Only snag - as he points out - is that doesn't work if there's already a boat on the other side of the French finger!

BUT, for me at least, there are no hard and fast rules: one just needs to keep versatile in one's thinking and come up with a suitable solution to each particular problem...

...e.g. in the past I've simply planned come in alongside and secure to the boat adjacent to me (especially if being blown off the finger) then simply warp myself over...

...or use Poignard's French method of a bow-fender detailed above...

...or whatever works for you.
 
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Daydream believer

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great Video! well in the short term I will be sailing Bristol Channel, West Coast, Eire and Scotland. Weekenders to Tenby, longer holidays to I hope Scilly or even Scotland. Post retirement, (6 years I hope) everywhere and anywhere. Definitely Baltic and Med then across the pond and beyond. I intend to have crew and company but don’t want this to be a dependency for use in any way. Budget is a tough one all being well I hope to be able to spend 50-100 but I’m not quite sure which end I’ll be at. An old friend who retired ahead of me got an Oyster 406DS to do the big trip but he had deeper pockets
At sea a bigger boat is easier & the platform is better as it is more stable. i sail a 31 ft boat & cover almost 2000 miles PA ( in non covid times) I nearly bought a 37 ft boat 2 years ago but decided that i was not fit enough & do not have the strength. I have done over 300 lock passages, 75% SH & in a 31 ft boat less than 8 have ever gone wrong. I have transited following 2 of my friends in their 40ft boat & when they get it wrong they really struggle with the weight & that is for 2 of them.
A bigger boat covers the ground quicker which means less time at sea so less tiring & 100 mile trips can be done in under 20 hours easily enough. That is quite dooable for a SH sailor in the Coastal & X channel waters that you mention. However, if one wants to go across the Atlantic then i would look for a 35-37 ft boat. This will let you sail locally & get you off ocean sailing OK.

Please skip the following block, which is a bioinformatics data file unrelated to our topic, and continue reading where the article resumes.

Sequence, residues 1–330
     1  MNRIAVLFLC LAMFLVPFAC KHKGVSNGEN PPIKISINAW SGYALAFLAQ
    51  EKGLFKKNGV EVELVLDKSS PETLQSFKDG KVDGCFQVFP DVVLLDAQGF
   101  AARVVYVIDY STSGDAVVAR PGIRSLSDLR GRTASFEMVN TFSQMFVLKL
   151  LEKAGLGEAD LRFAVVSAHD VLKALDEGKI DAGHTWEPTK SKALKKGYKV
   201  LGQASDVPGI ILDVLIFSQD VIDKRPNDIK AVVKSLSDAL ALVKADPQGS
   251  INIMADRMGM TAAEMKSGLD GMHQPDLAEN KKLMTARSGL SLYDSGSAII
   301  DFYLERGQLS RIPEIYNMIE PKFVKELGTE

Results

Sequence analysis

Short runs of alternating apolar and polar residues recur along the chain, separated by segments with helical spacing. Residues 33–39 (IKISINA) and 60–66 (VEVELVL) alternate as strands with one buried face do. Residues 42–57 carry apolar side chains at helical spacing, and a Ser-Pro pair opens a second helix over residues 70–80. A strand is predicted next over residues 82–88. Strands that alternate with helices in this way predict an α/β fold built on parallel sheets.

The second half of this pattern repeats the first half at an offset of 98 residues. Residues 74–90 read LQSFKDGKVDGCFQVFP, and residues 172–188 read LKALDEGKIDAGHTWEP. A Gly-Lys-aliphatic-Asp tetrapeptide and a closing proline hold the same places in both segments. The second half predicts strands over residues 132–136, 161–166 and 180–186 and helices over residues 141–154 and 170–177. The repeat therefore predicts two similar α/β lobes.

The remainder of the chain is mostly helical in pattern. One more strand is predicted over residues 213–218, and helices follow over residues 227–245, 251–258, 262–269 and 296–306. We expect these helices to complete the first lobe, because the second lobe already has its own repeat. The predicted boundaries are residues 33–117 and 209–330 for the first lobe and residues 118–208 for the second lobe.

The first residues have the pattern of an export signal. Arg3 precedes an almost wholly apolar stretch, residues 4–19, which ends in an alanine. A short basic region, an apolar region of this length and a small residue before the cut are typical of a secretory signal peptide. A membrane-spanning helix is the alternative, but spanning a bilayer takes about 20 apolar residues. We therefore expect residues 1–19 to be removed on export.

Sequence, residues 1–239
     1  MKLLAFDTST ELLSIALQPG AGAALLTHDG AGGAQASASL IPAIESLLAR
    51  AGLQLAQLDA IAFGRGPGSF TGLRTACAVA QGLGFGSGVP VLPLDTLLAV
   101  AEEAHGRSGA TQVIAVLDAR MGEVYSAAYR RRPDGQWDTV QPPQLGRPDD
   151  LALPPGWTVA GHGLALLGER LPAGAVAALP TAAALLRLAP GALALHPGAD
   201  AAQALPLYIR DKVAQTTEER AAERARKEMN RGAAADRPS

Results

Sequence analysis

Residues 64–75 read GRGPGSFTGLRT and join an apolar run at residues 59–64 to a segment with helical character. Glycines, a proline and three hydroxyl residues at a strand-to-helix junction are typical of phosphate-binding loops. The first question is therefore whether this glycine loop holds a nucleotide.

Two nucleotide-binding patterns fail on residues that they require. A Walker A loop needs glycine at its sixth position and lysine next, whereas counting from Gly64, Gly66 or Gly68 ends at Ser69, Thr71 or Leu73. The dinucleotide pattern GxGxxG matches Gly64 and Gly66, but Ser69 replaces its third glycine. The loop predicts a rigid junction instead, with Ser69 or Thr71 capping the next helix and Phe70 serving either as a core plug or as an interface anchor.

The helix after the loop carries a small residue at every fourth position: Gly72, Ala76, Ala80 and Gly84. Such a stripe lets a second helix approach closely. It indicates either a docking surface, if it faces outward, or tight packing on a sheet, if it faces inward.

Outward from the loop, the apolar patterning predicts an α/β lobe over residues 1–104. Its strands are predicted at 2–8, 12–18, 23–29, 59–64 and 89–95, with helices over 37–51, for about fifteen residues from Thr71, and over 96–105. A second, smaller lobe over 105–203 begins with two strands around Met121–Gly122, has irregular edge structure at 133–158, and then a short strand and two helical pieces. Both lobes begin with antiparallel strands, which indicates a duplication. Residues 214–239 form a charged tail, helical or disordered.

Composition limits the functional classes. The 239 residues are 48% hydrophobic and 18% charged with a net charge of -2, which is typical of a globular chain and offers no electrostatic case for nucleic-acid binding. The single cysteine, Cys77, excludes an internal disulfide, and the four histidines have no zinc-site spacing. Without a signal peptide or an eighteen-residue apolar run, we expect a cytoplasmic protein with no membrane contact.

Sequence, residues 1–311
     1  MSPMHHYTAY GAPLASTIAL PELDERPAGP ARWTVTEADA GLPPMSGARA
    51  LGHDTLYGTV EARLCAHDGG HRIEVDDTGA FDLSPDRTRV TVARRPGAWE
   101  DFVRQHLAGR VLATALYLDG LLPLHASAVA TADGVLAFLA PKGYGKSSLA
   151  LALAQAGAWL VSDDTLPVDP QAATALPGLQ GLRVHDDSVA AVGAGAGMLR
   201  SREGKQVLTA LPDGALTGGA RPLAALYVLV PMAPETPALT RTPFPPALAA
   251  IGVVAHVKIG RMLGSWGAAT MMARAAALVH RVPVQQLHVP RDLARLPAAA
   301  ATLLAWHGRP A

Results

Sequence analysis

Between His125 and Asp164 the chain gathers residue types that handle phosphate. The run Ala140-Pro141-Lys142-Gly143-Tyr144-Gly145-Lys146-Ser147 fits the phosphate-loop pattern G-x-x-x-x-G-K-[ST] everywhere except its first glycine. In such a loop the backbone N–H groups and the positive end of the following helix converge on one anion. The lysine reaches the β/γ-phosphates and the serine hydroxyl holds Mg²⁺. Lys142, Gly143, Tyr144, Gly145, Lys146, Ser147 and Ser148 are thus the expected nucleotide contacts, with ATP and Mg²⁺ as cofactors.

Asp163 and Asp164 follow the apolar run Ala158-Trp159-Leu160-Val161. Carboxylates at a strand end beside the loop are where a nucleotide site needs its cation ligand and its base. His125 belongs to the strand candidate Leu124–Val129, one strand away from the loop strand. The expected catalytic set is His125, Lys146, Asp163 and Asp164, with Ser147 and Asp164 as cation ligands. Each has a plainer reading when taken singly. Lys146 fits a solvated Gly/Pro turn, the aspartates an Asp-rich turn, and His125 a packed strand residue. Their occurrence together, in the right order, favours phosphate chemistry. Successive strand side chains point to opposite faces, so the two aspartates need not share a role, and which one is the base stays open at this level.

What one has to remember is that one might be very fit 6 years BEFORE retirement but things change rapidly & 6 years AFTER retirement the ability ( & indeed the desire) to run about the deck etc does not come so easily. That is why I have stopped with my 31 ft boat. It has Self taking jib & all lines lead to the cockpit. I still like to sail it though & there are the options of 26 different controls lead aft if I choose to use them- although not all at once.

One thing that I would really look for in a yacht which is missing from mine is the ability to heave too safely in really heavy weather such that one can shut the hatch & go below. Just being able to stop & take count sometimes makes all the difference. In my last 2 boats i would get into a pickle, heave too, take stock, sort myself out, take a breather, settle down & then go off again. I cannot do that in my Hanse. However, the short fin makes manouvering in marinas an absolute doddle. Plus it is fast. So it is a trade off. You takes your choice